From a distance
This is just sad:
In a letter, Jenky told the priests in his diocese “[b]y virtue of your vow of obedience to me as your Bishop, I require that this letter be personally read by each celebrating priest at each Weekend Mass, November 3/4.” The letter leaves little doubt that Jenky wants Obama out of the White House:It is not sad because of the opinions expressed, though I disagree with them. It is not sad because Bp. Jenky has already gone full Godwin in comparing President Obama to Hitler. It is sad because the Biship seems to actually imagine his words will be given full effect by all of the faithful.
Neither the president of the United States nor the current majority of the Federal Senate have been willing to even consider the Catholic community’s grave objections to those HHS mandates that would require all Catholic institutions, exempting only our church buildings, to fund abortion, sterilization, and artificial contraception. . . . Nearly two thousand years ago, after our Savior had been bound, beaten, scourged, mocked, and crowned with thorns, a pagan Roman Procurator displayed Jesus to a hostile crowd by sarcastically declaring: Behold your King. The mob roared back: We have no king but Caesar. Today, Catholic politicians, bureaucrats, and their electoral supporters who callously enable the destruction of innocent human life in the womb also thereby reject Jesus as their Lord. They are objectively guilty of grave sin.
For those who hope for salvation, no political loyalty can ever take precedence over loyalty to the Lord Jesus Christ and to his Gospel of Life. God is not mocked, and as the Bible clearly teaches, after this passing instant of life on earth, God’s great mercy in time will give way to God’s perfect judgment in eternity.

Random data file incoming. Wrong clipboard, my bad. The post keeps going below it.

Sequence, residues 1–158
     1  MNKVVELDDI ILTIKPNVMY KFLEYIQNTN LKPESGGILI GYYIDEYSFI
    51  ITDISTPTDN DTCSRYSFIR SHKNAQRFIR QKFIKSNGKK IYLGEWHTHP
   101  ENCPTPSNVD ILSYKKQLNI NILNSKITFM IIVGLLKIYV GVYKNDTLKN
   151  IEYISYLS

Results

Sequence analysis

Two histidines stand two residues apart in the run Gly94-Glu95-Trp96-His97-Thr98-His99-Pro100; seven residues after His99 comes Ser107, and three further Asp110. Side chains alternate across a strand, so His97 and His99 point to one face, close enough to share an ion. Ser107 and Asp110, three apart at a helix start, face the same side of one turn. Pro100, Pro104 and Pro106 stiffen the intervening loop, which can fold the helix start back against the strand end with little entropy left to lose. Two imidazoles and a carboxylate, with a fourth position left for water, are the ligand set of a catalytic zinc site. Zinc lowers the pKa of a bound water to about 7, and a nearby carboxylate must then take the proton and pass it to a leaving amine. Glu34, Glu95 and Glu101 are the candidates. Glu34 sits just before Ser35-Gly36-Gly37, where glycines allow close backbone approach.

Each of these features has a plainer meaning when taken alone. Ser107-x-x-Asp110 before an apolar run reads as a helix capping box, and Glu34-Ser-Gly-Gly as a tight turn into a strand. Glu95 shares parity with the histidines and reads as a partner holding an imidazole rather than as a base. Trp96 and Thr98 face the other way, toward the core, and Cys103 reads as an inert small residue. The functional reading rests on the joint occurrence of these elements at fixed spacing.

I therefore call upon every practicing Catholic in this Diocese to vote. Be faithful to Christ and to your Catholic Faith.
I've been watching "Call the Midwife" on PBS. It's set in the East End of London during World War II (or thereabouts), and it concerns a group of midwives working for a facility run by nuns (I haven't been watching it that carefully, so if I'm off on the particulars a bit, forgive). What strikes me is the imminent practicality of the nuns, which I finally realized was simply their pastoral care. One set of characters, for example, were a brother and sister, both elderly, both clearly the victims of childhoods of Dickensian brutality. I didn't at first realize they were siblings, because they presented as an elderly married couple. The midwife/nurses are shocked when they realize the two have been sleeping in the same bed, but the nun who overhears their conversation is nonplussed. When pressed on the matter, ("It's incest, Sister!"), she tells the nurses the couple's story, one of losing their parents at a young age, and being separated in a work house, and only later reunited. She concludes: "There was nothing of family left by the time they were reunited." And it is clear the relationship, however incestuous it might be in some particulars, is spectacularly healthy and supportive for both of them. Later, still, the sister/wife commits suicide during the night vigil over her brother/husband, who dies of cancer. The nun who enters to find them overlooks this mortal sin in favor of recognizing the humanity of the two, who had borne so much inhumanity in their lives.
Is this all fiction and a secularizing fable about the lives and concerns of the religious? Is it cleaned up for modern sensibilities, and represents not the Church but the world? Perhaps. I don't know if this telling is true to the source material or not, or even if the source material is true to history. But I do know the responses of the nuns are both practical and pastoral. The the pastoral, especially, is something sorely lacking among members of church hierarchies.
I occasionally got a letter from my church hierarchy, congregationalist as we were, that I was expected to read from the pulpit. My superiors hadn't the authority of a Roman Catholic bishop, but one church member called me in horror that I would read the letter I was asked to read, from the pulpit. I had no intention of doing so, because I knew I would pay the price with my congregation. I also knew, aside from the anger I'd stir up, that it wasn't the pastoral thing to do. From a distance what seems clear and clean and comfortably abstract, becomes messy and complicated and bewilderingly concrete at ground level.
The Bishop may consider that he has the eagle's eye and from his aerie sees more clearly than that priests on the ground; and on some occasions that may even be true. But it is rare enough, especially in this age, that is shouldn't be presumed upon. Take a lesson from the Nuns on the Bus, and get out among the people and see what they are concerned about.
It will be far removed from what provisions now have to be included in health insurance policies.